The two met as members of the Avon Community Swim Team, when Michelle Heeger (as she was known then) was 9 years old and Dillon was 16. Then about six years later, Dillon coached Heeger on the Avon High School swim team while he was attending law school.

Both excellent swimmers, Heeger had become a state champion at age 10 and Dillon did the same at age 14.

“Michelle was good right out of the gate,” Dillon said of her swimming skills.

But as a high school student she was also extremely intelligent and mature, quizzing her coach about the legal profession during down times of swimming practices, he said.

Academically, Findley earned a 3.96 grade-point average in high school, 4.0 in college and 3.397 in law school.

“She’s pretty focused,” said Dillon, a criminal defense and family law attorney of 15 years. “If she decides to do something, she’s going to do it and do it well.”

The two, who have remained friends since their youth, met over lunch and talked several times over the phone as Findley looked for advice on starting and operating her own business.

“I’ve always looked up to him and he is one of the reasons I chose the legal profession,” Findley said of Dillon.

Findley and her future husband also met through the Avon Community Swim Team, where he was a coach while student-teaching for the Center Grove Community School Corp.

Married for 11 years, they moved to Columbus in 2012 when Brett Findley was hired as principal at Columbus Signature Academy — Lincoln Elementary School.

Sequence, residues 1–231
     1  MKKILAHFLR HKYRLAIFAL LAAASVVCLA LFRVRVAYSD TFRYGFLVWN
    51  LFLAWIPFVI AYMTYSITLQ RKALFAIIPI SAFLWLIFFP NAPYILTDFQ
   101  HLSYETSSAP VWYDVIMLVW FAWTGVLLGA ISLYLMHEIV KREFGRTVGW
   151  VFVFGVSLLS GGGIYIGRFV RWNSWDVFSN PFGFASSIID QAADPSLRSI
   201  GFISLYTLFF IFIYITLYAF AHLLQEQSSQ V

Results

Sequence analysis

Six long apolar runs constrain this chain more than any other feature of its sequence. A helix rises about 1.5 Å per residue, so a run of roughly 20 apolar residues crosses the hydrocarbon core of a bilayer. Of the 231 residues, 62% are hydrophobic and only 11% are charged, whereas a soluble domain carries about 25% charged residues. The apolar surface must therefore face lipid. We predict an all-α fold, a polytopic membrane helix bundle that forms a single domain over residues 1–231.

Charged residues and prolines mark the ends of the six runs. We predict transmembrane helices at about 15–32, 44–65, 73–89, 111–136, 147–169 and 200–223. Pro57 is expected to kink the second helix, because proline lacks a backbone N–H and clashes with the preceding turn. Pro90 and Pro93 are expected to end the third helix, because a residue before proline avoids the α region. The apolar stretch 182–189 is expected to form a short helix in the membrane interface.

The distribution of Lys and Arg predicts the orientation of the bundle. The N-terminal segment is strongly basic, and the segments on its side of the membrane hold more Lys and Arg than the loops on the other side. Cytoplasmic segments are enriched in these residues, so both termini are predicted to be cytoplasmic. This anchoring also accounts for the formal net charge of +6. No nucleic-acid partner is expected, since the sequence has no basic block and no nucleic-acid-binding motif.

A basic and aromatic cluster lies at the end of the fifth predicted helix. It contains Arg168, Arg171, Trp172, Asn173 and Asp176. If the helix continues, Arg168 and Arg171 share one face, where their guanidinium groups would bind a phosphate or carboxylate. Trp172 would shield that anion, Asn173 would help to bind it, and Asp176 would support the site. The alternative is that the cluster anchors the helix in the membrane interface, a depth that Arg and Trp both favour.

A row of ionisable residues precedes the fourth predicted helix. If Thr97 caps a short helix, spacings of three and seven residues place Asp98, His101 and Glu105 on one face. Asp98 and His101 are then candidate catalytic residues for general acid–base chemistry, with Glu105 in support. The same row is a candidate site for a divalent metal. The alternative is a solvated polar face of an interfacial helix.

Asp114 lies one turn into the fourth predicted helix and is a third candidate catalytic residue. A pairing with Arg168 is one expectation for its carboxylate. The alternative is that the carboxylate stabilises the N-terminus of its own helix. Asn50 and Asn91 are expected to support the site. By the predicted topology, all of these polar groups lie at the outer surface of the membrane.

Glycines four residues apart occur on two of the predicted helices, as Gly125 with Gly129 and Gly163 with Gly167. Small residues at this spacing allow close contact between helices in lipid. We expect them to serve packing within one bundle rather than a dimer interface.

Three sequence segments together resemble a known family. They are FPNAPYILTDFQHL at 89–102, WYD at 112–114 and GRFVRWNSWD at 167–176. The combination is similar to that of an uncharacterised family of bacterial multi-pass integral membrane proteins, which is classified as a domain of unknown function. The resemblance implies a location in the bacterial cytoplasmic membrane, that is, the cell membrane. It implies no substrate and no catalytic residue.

With her father a physician in Plainfield and her mother a retired nurse, she is the first in her family to practice law. She has used her elder law knowledge to help other family members — such as husband Brett Findley’s grandparents as they navigated nursing home care.

“That allowed me to see it from the family’s point of view,” she said. “People need someone they can trust because it is such a delicate time for the family. It’s my goal to treat my clients just as I would members of my own family.”

The Findleys — parents of Calvin, 6, and Audrey, 3 — lost a third child in March, 15 weeks into Michelle’s pregnancy.

“That has certainly shaped my perspective and desire to make the most of life,” she said.

As owner of what she describes as a boutique law practice, Findley vows to commit more one-on-one time with clients in Bartholomew and adjoining counties to learn about them and their needs, then provide accurate, pertinent information to help them make important life decisions.

Elder law attorneys can help educate the public on ways to protect their assets and create plans to help them achieve their personal goals. Meeting with an elder law attorney can often increase someone’s peace of mind while considering life-stage options, she said.

Findley Law’s services include helping clients prepare a will, establish a health care advance directive and designate a power of attorney.

Some plans can be developed five years in advance, while others can be completed as they are needed, she said.

“It’s never too soon and never too late” to get started, Findley said.